This experience consequently may have affected the way we see ourselves, rated ourselves and valued ourselves, we perhaps began to believe what the people said and consider how we were treated, then we began to react in different ways.

Some of us accepted the bad label of unworthiness and lowliness and we began to act accordingly. We developed a beggarly mentality, we cease to see ourselves as having the capacity to amount to anything important and worthwhile in life and we embraced a servitude disposition and relationship style with anyone we see as superior. We always beg everyone for money, do little favours for tips, hail the rich and influential for handouts and become sudden praise singers of the so-called rich and powerful just to get something from them.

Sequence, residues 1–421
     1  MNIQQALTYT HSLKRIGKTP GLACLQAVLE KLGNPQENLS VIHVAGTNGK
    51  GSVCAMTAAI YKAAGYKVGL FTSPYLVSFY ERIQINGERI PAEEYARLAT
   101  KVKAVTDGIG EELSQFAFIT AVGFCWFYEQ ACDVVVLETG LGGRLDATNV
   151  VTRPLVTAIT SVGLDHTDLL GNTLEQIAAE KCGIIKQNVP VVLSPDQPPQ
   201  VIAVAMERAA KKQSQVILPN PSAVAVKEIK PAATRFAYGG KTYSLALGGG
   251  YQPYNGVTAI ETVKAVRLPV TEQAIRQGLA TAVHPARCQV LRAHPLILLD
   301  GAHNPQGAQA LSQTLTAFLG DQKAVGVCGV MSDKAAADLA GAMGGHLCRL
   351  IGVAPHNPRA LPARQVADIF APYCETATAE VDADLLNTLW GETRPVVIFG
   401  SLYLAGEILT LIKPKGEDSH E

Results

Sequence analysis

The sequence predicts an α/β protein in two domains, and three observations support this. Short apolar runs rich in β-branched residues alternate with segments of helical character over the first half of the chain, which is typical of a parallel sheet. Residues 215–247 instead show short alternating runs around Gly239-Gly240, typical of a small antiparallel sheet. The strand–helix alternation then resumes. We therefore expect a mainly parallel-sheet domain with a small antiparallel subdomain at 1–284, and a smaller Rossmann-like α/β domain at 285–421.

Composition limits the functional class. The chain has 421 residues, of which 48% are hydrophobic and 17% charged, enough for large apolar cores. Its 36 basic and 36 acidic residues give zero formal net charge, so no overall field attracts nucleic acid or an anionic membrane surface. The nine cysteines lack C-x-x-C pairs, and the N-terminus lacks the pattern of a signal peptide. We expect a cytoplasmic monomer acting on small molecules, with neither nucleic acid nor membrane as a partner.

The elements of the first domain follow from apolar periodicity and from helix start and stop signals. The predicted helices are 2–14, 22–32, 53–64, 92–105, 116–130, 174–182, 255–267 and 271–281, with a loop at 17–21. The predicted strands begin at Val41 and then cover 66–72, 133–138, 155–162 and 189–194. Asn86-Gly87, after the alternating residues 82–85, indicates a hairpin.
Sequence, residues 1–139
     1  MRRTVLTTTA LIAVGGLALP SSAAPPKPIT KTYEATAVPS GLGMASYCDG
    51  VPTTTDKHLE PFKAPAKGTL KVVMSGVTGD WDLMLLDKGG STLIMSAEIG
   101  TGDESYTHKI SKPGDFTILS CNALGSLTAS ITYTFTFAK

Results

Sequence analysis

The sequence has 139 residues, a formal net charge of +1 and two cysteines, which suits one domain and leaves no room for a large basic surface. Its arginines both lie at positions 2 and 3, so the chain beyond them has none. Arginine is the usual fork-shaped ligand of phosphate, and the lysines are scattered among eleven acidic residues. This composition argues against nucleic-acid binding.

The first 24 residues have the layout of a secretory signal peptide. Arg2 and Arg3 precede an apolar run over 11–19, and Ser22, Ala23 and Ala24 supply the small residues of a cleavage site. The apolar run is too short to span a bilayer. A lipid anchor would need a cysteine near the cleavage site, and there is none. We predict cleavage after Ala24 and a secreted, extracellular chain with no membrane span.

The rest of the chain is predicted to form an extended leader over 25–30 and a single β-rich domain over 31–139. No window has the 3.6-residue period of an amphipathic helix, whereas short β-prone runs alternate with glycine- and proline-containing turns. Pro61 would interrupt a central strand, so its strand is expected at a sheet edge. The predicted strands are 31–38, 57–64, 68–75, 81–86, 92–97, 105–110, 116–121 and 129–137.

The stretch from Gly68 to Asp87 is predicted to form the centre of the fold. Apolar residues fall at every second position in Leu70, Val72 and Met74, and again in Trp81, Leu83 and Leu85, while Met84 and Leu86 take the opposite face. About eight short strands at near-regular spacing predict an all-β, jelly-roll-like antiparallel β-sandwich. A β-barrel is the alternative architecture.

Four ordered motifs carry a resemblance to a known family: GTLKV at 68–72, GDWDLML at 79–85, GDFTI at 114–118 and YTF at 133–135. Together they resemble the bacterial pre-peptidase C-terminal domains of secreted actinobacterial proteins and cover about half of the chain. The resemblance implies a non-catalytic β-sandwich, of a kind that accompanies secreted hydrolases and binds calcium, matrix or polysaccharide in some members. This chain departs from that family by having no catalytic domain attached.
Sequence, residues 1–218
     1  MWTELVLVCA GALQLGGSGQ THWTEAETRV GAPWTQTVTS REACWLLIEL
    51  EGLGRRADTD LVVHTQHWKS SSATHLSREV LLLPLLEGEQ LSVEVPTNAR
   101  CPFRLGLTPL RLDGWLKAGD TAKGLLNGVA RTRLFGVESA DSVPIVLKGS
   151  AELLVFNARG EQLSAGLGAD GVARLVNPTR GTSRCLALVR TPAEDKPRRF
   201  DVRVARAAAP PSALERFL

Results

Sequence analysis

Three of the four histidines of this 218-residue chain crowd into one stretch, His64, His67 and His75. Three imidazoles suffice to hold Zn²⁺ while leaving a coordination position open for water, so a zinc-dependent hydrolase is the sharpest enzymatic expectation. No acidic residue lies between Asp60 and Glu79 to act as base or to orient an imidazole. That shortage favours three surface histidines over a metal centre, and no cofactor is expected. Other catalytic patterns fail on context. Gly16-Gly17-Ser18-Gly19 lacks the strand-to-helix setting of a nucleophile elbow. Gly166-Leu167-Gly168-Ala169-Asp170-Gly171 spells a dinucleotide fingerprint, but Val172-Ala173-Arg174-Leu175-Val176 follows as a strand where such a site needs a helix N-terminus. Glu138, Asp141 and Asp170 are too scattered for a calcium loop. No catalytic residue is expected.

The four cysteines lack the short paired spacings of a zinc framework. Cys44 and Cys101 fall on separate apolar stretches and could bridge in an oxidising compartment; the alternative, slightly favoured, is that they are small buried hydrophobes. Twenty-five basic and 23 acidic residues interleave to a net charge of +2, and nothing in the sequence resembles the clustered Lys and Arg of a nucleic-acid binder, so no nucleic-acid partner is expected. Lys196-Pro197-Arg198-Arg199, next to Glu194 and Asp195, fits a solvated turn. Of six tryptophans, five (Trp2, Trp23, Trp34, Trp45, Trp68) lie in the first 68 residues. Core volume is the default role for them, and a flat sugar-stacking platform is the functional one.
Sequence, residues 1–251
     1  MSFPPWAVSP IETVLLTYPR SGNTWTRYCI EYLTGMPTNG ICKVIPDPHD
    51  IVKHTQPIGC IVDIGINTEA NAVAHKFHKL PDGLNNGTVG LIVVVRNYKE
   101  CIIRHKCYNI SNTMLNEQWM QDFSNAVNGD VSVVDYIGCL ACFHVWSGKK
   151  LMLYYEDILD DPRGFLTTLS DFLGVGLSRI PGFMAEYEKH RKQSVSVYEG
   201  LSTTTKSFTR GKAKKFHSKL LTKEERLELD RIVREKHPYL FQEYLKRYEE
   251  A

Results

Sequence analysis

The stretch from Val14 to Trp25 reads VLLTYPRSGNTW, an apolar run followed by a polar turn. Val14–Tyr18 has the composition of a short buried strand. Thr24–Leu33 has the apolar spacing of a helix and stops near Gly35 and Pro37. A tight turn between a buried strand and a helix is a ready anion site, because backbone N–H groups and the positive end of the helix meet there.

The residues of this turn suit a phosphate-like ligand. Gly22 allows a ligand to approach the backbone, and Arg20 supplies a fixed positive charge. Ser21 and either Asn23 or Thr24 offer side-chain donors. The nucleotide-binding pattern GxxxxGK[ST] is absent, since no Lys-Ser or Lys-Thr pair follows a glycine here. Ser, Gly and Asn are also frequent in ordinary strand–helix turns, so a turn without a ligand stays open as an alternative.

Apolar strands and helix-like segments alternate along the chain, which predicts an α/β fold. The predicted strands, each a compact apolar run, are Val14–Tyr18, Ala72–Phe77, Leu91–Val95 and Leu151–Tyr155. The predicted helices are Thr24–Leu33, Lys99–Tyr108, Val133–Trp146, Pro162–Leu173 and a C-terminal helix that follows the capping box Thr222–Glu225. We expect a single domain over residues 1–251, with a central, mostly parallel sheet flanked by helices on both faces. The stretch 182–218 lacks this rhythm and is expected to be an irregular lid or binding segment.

Sometimes, we subscribe to the ideology of destiny that God has destined some people to be successful and for us to be at their mercy. We accept low self-worth and insignificance as our life type.

However, another reaction to a battered self-esteem is the fight. Some decide in their minds to fight that situation and condition. They become angry at how the society sees them, rates them and has treated them thus far, and they resolve with so much determination to become successful and prove to everyone that they can become important and successful too.

These kinds of people then begin to work very hard on the outside, making great sacrifices and paying the price for great success and accomplishments. The desire to prove to everyone they are not to be disrespected and downtrodden keeps driving them to do all they can to become rich and successful.

Consequently, they succeed, they attain that status in the society and become rich as well. But afterwards, something interesting happens, they realise the money and the power has not really helped their low self-esteem. Yes, they now have the money and the influence but they still feel low, inadequate and inferior. Ladies and gentlemen, riches and success is not the answer or antidote for low self-esteem.